The first session I attended today was all about bullying, with an emphasis on cyber-bullying. It was nice to refresh some knowledge on bullying, including what does and what does not qualify as bullying. We talked about the types of bullying, the types of bullies, and the types of victims. I also found it very interesting to learn about what schools do or do not do in terms of creating bullying policies.
We discussed common things that people think help, that really don’t, and things that we should do instead. While we didn’t get any real “cure” for bullying, we instead focused a lot on what we can do proactively in school to help eliminate bullying, get students to feel comfortable reporting bullying, and to involve bystanders to be more than witnesses.
The focused time on cyber-bullying was a little scary, in terms of what is going on, and what the trends seem to be. Many people, and schools, treat it as a gray area. When is it appropriate for the schools to step in, and when should it be handled by parents? It is a tough call sometimes. I am anxious to take back to school some of the conversation starters that we discussed and create posters to review cyber safety in my classroom, and have individual meetings with students based around bullying.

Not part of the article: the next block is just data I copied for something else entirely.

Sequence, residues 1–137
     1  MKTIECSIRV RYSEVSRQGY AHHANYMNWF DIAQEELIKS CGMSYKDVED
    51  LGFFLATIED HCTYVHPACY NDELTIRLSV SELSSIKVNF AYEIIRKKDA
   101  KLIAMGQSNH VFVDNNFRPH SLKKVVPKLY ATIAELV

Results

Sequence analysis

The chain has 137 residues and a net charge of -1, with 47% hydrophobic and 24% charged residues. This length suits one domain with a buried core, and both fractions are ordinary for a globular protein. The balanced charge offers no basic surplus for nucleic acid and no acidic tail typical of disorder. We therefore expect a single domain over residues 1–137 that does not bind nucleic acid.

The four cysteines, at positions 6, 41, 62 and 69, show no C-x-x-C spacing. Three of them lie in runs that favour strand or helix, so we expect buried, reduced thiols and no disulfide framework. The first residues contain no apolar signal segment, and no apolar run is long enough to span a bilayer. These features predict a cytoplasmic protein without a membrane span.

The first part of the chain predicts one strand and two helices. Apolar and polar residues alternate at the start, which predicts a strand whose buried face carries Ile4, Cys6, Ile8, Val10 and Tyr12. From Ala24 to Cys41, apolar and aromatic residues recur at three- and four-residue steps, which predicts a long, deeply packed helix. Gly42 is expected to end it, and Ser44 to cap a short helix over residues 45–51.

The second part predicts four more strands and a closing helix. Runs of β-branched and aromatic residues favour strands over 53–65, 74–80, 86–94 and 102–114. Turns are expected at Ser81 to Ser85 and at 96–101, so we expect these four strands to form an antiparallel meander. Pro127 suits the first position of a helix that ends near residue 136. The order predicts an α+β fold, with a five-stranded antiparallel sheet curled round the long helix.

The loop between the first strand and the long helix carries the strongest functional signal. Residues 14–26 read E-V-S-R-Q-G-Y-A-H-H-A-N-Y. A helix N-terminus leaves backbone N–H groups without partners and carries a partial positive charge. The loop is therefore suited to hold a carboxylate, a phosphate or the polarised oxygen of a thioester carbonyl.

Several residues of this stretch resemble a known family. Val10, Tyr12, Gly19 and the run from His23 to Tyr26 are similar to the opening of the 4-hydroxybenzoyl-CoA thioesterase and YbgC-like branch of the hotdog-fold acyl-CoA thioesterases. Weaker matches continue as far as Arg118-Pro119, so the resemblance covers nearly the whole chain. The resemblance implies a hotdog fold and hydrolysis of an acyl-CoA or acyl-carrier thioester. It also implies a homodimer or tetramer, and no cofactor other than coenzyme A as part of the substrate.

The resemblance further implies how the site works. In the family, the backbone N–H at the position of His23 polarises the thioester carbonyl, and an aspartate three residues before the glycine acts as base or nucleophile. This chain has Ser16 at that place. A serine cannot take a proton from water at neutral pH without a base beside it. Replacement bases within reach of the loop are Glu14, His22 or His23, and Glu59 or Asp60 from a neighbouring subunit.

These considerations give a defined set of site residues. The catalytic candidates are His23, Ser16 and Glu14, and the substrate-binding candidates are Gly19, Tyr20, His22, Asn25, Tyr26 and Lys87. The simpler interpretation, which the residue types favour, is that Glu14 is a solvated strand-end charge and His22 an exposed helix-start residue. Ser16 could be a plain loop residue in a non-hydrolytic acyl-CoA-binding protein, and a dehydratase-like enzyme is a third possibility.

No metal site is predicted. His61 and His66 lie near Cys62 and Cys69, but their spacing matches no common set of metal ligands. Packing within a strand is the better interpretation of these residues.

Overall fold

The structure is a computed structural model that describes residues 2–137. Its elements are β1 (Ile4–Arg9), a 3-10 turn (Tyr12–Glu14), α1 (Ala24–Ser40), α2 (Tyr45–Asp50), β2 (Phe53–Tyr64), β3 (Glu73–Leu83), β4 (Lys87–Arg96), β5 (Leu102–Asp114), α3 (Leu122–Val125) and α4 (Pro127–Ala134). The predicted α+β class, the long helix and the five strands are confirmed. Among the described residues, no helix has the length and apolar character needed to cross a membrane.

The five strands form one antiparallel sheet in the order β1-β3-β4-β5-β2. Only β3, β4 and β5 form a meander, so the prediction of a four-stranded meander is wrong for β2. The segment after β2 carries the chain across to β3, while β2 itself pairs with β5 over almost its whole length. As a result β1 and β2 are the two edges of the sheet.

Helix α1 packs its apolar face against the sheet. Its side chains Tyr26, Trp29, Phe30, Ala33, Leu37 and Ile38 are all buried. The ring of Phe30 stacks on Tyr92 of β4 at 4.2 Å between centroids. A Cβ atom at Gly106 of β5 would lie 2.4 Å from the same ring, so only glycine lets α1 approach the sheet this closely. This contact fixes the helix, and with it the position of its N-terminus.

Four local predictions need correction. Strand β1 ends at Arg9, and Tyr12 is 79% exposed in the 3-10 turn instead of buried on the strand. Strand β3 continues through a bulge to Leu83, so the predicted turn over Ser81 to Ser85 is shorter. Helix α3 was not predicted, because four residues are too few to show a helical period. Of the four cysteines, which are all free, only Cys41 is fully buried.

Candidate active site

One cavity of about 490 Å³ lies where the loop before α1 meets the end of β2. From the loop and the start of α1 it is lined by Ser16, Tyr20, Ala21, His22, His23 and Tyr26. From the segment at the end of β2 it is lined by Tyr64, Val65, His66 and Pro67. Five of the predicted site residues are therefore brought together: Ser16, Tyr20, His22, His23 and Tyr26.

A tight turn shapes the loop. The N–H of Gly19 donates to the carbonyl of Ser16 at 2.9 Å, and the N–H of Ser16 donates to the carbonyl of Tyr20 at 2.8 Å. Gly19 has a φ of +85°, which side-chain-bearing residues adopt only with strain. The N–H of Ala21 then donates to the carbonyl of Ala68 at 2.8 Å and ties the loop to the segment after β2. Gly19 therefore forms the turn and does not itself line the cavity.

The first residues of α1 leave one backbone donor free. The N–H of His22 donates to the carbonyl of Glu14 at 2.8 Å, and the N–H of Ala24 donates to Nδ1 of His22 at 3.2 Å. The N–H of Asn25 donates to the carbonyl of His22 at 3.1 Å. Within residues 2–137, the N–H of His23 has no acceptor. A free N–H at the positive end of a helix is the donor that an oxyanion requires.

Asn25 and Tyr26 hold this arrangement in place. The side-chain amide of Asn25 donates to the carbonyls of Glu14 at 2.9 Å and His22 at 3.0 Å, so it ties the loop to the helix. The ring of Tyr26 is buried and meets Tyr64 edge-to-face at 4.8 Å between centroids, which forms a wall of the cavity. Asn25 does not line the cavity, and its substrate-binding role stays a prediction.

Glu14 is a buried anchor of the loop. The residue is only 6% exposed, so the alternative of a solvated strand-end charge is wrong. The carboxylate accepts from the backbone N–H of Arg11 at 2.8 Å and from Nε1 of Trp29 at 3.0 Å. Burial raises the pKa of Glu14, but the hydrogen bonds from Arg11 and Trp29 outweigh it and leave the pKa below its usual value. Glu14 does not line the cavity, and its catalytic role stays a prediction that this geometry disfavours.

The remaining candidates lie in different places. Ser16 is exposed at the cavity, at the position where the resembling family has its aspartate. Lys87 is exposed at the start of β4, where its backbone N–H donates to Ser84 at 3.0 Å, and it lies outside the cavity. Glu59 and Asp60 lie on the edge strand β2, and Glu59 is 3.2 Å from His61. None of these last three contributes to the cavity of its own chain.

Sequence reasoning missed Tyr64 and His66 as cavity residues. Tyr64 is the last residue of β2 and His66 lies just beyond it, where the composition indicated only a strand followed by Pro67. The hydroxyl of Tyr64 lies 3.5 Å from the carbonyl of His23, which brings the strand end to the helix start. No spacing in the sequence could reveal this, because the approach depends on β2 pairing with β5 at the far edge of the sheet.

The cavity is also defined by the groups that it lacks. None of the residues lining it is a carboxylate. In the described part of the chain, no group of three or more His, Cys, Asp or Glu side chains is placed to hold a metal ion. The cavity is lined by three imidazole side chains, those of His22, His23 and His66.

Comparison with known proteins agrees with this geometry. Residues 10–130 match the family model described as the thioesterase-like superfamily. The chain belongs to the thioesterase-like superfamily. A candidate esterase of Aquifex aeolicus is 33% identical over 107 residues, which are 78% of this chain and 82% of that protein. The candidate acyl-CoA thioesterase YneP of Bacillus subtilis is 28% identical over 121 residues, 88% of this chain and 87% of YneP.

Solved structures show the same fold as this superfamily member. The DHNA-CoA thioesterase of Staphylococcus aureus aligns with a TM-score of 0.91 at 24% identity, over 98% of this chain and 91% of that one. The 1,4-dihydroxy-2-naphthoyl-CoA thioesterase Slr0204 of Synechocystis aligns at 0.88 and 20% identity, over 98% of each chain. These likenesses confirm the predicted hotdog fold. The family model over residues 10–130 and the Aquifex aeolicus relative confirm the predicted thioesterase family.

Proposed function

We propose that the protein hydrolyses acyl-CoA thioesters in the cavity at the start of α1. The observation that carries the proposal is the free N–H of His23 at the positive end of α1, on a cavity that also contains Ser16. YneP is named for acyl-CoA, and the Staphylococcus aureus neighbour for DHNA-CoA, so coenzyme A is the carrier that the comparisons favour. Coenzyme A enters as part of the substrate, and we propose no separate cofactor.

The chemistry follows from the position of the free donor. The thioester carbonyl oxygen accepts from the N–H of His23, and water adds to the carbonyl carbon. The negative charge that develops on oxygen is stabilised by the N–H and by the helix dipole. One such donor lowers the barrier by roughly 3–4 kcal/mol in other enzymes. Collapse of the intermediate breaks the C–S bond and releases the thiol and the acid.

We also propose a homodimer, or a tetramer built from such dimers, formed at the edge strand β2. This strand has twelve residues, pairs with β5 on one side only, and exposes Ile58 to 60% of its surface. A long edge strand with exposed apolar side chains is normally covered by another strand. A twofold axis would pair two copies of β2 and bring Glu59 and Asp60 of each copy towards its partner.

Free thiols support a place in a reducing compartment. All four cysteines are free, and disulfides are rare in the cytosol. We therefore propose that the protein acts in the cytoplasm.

My second session of the day was focusing on using one app, which was great. Instead of seeing a whole bunch of information and having to go through it on my own, we went in-depth into Explain Everything. Did you know we had that app? And that it was paid for by our district? Maybe you did, but I bet at least some of you didn’t.
Explain Everything was described to me as a “core app” which means that it does the all the things that you might have had to use 4 apps to do. It is also an app that can be used for all subjects. While we all know that there are other ways to create slide shows and power points, this program is easy to use (it has a simple and complex mode) and allows for a lot of creativity.
We saw student examples of projects using Explain Everything, one of which related to our middle school D.C. trip. Take a look for yourself. You can post videos directly to YouTube from the app itself.
This program allows you to easily add animation and record your voice to make a slide show into a much more engaging experience for everyone. Story boards, experiments, solving equations, creating student-led lessons, newscasts, and music videos are just a few of the projects that this app could lend itself to.